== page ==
|::Distress Tolerance Handout::
Guidelines for Accepting Reality: Observing-Your-Breath Exercises
Distress Tolerance Skills are used to help with life-threatening and impulsive behaviors that tend to act from emotions in ways that make matters worse.
OBSERVING YOUR BREATH:
Focus your attention on your breath, coming in and out. Observe your breathing as a way to center yourself in your wise mind. Observe your breathing as a way to take hold of your mind, dropping off nonacceptance and fighting reality.
1. Deep breathing
Lie on your back. Breathe evenly and gently, focusing your attention on the movement of your stomach. As you begin to breath in, allow your stomach to rise in order to bring air into the lower half of your lungs. As the upper halves of your lungs begin to fill with air, your chest begins to rise and your stomach begins to lower. Don’t tire yourself. Continue for 10 breaths. The exhalation will be longer than the inhalation.
2. Measuring your breath by your footsteps
Walk slowly in a yard, along a sidewalk, or on a path. Breath normally. Determine the length of your breath, the exhalation and the inhalation, by the number of your footsteps. Continue for a few minutes. Begin to lengthen your exhalation by one step. Do not force a longer inhalation. Let it be natural. Watch your inhalation carefully to see where there is a desire to lengthen it. Continue for 10 breaths.
Now lengthen the exhalation by one more footstep. Watch to see whether the inhalation also lengthens by one step or not. Only lengthen the inhalation when you feel that it will give delight. After 20 breaths, return your breath to normal. About 5 minutes later, you can begin the practice of lengthened breaths again. When you feel the least bit tired, return to normal. After several sessions of the practice of lengthed breath, your exhalation and inhalation will grow equal in length. Do not practice long, equal breaths for more than 10 to 20 breaths before returning to normal.
3. Counting your breath
Sit cross-legged on the floor (sit in the half of full lotus position if you know how); or sit in a chair with your feet on the floor; or kneel; or lie flat on the floor; or take a walk. As you inhale, be aware that “I am inhaling, 1.” When you exhale, be aware that “I am exhaling, 1.” Remember to breathe from the stomach. When beginning the second inhalation, be aware that “I am inhaling, 2.” And slowly exhaling, be aware that “I am exhaling, 2.” Continue up through 10. After you reached 10, return to 1. Whenever you lose count, return to 1.
4. Following your breath while listening to music.
Listen to a piece of music. Breathe long, light, and even breaths. Follow your breath; be the master of it while remaining aware of the movement and sentiments of the music. Do not get lost in the music, but continue to be the master of your breath and yourself.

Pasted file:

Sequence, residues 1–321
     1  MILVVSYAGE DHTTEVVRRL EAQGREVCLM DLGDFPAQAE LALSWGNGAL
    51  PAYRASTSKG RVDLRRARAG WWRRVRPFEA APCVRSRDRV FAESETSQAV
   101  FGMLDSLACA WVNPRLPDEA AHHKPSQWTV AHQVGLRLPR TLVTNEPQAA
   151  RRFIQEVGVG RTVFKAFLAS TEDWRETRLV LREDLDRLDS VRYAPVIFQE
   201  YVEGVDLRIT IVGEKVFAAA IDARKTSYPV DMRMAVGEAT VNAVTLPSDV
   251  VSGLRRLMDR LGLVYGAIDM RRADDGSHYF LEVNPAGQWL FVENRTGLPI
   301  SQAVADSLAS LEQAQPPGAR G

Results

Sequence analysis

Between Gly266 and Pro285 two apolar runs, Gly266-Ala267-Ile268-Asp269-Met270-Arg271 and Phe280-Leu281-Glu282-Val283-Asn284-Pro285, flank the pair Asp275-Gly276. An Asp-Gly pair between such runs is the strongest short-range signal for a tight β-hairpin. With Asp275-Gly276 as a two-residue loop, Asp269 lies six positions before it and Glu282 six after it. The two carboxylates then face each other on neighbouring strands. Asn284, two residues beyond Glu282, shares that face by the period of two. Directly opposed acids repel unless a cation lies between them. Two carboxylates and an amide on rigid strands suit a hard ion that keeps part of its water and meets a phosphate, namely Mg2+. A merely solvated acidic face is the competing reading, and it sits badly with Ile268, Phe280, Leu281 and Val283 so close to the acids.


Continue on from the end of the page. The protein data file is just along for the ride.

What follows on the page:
5. Follow your breath while carrying on a conversation
Breath long, light, and even breaths. Follow your breath while listening to a friend’s words and to your own replies. Continue as with the music.
6. Breathing to quiet the mind and body
Sit cross-legged on the floor (sit in half or full lotus position if you know how); or sit in a chair with your feet on the floor; or kneel; or lie flat on the flat. Half-smile. Follow your breath. When your mind and body are quiet, continue to inhale and exhale very lightly; be aware that “I am breathing in and making the breath and body light and peaceful. I am exhaling and making the breath and body light and peaceful.” Continue for three breaths, giving rise to the thought, “I am breathing in while my body and mind are at peace. I am breathing out while my body and mind are at peace.”
Maintain this thought in awareness from 5 to 30 minutes, according to your ability and the time available to you. The beginning and end of the practice should be relaxed and gentle. When you want to stop, gently massage the muscles in your legs before returning to a normal sitting position. Wait a moment before standing up.
Progressive Muscle Relaxation - Audio & Instructions
::Willingness over willfulness::
Cultivate a WILLING response to each situation.
- Willingness is DOING JUST WHAT IS NEEDED in each situation, in an unpretentious way. It is focusing on effectiveness.
- Willingness is listening very carefully to your WISE MIND, acting from your inner self.
- Willingness is ALLOWING into awareness your connection to the universe – to the earth, to the floor you are standing on, to the chair you are sitting on, to the person you are talking to.
Replace WILLFULNESS with WILLINGNESS
- Willfulness is SITTING ON YOUR HANDS when action is needed, refusing to make changes that are needed.
- Willfulness is GIVING UP.
- Willfulness is the OPPOSITE of “DOING WHAT WORKS,” being effective.
- Willfulness is trying to FIX every situation.
- Willfulness is REFUSING TO TOLERATE the moment.